If you want clear skies for astronomy, you need to get above the atmosphere. At the top of high mountain is good, space is even better, but that’s expensive. A new NASA infrared observatory is going to be flying as high as possible, to get above most of the atmosphere, at a fraction of the cost of a space mission. It’s called the Stratospheric Observatory for Infrared Astronomy (SOFIA), and the specially modified 747 aircraft made its first checkout flight last week – NASA wanted to see how it handles at low-speed and low-altitude.
In order to fit a 20,000 kg (45,000 pound) infrared observatory into the aircraft, NASA had to cut a 5 metre (16 foot) hole in the back of the plane, near the tail. It now has a door that will slide back to reveal the telescope. The plane will eventually fly at an altitude of 12 km (40,000 feet), rising above most of the atmosphere’s water vapour, and give the 2.5 metre (98.4 inch) telescope a clear view of the heavens. Another advantage is that the aircraft can be serviced and upgraded regularly, swapping in new instrumentation as technology improves. You can’t do that with a space-based observatory.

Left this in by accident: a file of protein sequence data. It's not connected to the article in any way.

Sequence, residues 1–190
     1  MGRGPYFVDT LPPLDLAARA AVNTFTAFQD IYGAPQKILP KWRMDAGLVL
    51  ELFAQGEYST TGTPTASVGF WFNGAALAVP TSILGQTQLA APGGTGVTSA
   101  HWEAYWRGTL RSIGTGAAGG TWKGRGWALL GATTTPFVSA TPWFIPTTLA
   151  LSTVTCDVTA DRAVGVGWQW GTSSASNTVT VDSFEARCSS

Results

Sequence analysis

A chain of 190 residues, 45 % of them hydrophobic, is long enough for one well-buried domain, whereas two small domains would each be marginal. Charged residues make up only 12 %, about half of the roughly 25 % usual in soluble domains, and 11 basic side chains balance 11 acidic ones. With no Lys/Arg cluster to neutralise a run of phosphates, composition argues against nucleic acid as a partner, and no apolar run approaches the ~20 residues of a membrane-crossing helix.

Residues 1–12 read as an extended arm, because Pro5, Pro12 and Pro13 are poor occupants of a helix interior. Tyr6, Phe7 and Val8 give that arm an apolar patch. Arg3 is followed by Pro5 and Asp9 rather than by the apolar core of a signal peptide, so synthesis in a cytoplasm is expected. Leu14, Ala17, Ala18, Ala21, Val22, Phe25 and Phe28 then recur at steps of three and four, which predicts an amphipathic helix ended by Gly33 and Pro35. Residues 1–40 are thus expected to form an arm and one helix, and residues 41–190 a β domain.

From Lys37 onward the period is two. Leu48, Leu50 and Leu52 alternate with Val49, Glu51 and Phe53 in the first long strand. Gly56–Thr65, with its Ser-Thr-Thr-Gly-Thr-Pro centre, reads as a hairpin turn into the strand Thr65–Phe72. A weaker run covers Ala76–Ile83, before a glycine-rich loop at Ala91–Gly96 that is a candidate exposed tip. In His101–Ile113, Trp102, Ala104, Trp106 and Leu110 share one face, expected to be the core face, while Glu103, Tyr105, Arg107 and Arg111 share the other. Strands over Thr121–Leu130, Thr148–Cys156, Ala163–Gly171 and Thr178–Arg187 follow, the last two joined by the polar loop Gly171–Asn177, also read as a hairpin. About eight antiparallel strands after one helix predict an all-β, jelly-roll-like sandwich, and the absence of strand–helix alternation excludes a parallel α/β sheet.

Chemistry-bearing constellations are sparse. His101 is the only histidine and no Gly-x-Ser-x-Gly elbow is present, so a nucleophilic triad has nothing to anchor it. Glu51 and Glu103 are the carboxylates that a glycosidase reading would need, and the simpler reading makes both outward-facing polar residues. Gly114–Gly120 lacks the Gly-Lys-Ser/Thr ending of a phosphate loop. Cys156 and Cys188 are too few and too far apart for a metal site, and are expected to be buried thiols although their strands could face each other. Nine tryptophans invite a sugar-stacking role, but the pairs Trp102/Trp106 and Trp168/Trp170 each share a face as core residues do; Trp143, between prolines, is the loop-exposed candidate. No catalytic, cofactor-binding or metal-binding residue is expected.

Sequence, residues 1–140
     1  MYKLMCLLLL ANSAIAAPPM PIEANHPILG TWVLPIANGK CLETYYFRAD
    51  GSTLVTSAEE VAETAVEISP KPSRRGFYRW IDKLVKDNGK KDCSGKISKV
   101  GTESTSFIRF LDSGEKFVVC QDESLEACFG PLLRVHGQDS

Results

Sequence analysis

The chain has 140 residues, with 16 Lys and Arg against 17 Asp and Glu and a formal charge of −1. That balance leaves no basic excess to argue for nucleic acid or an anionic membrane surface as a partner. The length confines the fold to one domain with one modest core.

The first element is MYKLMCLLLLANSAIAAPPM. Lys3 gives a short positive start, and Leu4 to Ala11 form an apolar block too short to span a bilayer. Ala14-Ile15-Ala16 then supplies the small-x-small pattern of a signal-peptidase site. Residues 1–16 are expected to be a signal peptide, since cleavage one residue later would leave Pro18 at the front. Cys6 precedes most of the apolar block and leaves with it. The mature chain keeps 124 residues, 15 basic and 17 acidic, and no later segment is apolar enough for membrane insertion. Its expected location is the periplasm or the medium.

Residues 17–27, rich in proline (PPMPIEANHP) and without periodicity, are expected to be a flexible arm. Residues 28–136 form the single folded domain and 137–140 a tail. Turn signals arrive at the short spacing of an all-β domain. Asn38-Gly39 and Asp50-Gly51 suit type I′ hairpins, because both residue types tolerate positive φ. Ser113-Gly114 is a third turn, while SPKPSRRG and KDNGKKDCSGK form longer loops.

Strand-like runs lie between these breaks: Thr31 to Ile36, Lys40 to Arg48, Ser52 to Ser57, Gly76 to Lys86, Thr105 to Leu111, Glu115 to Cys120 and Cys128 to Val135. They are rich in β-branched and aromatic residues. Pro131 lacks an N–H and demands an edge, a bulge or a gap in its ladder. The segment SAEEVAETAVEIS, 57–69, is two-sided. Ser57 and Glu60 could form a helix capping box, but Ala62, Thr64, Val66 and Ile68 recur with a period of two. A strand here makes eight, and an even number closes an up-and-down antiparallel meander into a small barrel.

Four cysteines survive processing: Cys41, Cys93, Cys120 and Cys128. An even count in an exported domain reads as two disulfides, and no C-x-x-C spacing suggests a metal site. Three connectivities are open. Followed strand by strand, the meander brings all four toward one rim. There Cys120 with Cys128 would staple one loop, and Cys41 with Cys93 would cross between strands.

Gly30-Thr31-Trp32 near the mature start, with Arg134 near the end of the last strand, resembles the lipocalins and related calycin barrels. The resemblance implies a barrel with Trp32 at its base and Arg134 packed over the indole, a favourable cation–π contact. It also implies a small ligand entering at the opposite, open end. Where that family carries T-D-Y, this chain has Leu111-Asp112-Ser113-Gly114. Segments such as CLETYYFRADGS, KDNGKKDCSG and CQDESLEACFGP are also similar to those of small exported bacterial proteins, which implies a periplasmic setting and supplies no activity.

For its next tests, SOFIA will transfer to its final home at NASA’s Dryden Research Center at Edwards, California. It will then perform a series of flights until its science observations begin in 2009 or 2010.
Original Source: NASA News Release